What Is Anger Management?

Anger Management

Anger management is a therapeutic program for anger prevention and control. It consists of learning what causes your anger and finding healthy ways to express your feelings, without lashing out. Anger management is not about suppressing angry feelings, but learning how to productively use your emotions to convey your thoughts, needs, and feelings. Anger is a very normal emotion that we all feel. Once you learn how to express it appropriately, it should lessen the negative effects that anger has your life. You can learn anger management skills on your own by reading books or finding legitimate resources online, however, most people prefer to take anger management classes or work with a licensed therapist. For more information about anger management, click here.


Signs You May Need Anger Management

  • Constantly feeling that you have to hold in your anger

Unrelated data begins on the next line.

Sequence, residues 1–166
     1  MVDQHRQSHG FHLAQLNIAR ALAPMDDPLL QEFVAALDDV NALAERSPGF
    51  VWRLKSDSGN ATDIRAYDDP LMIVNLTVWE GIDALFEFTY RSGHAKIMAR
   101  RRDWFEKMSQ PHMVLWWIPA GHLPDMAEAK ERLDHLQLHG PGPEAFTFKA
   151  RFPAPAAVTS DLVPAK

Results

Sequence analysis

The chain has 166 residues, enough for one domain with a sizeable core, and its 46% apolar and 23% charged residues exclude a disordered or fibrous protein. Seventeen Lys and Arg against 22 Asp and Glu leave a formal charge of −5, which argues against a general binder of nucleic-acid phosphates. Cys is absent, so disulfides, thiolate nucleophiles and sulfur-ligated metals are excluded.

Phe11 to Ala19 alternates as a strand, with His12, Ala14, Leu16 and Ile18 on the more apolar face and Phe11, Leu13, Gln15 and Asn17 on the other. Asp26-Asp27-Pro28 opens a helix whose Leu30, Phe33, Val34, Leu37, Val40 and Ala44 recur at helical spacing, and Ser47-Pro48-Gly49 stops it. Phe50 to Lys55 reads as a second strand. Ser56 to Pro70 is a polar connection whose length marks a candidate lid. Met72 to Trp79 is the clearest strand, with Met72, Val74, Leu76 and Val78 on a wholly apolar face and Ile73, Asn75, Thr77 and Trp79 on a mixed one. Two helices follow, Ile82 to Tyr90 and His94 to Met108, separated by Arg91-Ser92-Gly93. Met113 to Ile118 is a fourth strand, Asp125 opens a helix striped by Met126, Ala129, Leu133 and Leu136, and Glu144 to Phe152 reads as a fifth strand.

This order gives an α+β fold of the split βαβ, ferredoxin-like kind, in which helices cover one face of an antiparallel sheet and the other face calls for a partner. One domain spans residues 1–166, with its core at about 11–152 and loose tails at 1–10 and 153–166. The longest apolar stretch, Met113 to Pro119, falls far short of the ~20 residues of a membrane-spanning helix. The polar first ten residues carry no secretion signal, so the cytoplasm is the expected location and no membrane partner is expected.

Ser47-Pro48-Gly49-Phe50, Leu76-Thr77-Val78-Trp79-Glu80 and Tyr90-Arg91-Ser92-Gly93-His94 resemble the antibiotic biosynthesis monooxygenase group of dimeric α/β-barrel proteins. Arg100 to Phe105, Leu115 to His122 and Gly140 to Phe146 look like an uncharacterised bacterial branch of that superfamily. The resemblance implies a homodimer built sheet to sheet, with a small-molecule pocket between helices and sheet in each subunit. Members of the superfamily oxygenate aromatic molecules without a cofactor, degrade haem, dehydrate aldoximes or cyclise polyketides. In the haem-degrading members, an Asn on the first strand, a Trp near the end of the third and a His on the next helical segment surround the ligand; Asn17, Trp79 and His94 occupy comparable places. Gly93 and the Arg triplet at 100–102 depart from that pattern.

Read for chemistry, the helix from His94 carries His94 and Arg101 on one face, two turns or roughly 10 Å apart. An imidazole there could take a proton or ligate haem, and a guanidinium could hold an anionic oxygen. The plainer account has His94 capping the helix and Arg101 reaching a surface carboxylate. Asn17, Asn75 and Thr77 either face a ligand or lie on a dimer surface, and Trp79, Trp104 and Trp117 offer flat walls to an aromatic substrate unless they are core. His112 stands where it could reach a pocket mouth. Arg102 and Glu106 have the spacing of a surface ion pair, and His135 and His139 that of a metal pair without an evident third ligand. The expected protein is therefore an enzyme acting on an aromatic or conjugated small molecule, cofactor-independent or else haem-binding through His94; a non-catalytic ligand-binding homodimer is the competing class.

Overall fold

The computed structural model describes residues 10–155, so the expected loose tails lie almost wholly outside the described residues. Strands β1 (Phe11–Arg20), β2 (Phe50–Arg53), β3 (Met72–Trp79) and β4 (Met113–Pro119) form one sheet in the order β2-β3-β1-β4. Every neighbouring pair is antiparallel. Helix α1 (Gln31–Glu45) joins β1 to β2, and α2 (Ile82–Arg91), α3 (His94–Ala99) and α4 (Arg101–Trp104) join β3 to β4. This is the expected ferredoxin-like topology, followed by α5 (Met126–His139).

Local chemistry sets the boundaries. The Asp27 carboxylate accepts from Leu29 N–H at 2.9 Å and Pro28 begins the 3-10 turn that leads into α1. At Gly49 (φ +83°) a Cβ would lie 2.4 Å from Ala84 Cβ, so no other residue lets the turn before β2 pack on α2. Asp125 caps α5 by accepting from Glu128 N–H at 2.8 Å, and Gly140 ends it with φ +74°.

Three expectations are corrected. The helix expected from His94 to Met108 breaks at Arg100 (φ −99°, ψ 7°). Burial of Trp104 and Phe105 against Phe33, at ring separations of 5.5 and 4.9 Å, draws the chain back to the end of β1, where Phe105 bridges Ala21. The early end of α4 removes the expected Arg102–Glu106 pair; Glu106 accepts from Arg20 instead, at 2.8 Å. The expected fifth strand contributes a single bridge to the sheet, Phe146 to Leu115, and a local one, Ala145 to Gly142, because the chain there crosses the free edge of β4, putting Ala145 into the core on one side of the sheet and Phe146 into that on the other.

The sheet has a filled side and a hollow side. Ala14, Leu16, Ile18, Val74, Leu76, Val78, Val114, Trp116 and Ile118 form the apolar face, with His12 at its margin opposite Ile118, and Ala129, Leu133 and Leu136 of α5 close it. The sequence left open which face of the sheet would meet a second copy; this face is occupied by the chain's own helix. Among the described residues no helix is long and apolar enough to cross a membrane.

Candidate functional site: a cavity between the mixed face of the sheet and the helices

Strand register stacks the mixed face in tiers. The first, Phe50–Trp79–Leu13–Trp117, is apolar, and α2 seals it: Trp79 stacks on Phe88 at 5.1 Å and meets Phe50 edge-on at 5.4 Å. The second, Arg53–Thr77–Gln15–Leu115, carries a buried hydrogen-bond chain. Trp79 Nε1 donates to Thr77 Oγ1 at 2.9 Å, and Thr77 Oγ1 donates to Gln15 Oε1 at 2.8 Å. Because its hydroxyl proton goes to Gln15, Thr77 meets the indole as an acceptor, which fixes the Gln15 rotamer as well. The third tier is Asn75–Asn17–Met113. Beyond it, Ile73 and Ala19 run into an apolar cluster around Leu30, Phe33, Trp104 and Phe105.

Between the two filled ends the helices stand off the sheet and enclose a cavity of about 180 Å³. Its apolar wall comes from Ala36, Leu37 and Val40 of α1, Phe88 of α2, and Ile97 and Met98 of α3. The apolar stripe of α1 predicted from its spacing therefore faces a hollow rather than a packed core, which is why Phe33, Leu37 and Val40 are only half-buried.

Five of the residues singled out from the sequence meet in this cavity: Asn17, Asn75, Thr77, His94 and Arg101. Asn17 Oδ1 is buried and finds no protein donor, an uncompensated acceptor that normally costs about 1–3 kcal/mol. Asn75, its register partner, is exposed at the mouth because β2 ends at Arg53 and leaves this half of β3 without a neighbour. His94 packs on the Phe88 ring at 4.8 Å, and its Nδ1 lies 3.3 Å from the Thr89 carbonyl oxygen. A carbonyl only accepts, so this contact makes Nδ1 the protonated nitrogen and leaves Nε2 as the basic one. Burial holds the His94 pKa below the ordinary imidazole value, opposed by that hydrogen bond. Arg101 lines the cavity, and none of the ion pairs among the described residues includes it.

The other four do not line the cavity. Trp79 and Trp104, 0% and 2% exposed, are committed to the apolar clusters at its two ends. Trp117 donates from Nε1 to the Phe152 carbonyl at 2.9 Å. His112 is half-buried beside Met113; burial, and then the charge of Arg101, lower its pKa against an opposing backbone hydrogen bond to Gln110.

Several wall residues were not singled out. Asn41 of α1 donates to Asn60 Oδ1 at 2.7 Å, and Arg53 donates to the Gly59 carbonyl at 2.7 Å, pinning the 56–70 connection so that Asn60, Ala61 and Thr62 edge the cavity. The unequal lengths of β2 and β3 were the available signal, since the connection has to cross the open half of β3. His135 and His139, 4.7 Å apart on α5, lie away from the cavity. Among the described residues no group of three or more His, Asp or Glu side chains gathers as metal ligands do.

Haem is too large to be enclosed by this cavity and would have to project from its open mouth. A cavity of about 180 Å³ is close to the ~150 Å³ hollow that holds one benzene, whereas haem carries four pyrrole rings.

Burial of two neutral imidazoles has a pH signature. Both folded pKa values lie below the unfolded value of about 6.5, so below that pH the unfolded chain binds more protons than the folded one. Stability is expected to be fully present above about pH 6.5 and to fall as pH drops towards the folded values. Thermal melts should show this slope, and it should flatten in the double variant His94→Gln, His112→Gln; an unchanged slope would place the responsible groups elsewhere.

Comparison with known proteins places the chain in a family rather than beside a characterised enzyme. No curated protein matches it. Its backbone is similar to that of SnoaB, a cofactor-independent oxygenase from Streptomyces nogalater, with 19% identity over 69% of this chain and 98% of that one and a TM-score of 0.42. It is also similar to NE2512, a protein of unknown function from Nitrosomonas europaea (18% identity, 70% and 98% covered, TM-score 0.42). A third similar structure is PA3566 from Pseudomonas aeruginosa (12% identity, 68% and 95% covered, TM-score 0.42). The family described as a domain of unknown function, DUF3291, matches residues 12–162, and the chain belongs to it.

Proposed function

• Persistent negative thinking and focusing on negative experiences

  • Constant feelings of irritation, impatience, and hostility

  • Frequent arguments with others that escalate frustrations

  • Physical violence, such as hitting your partner or children or starting fights

  • Threats of violence against people or property

  • Out-of-control or frightening behavior, such as breaking things or driving recklessly

  • Avoiding situations because of anxiety or depression about anger outbursts


Anger management classes or counseling

You can attend anger management classes or counseling either in a one on one or a group setting. Based on your needs, your counselor or program director will work with you to determine the setting, length of treatment, and number of sessions that are suggested.

Anger management counseling or classes will focus on learning coping skills that can replace angry outbursts. Counseling or classes should help teach you how to:

  • Manage situations that provoke anger

  • Identify potential situations that can set you off

  • Use coping skills

  • Recognize when you are using faulty thinking

  • Calm yourself down

  • Express yourself in a healthy, assertive way

  • Focus on problem solving skills

  • Effectively communicate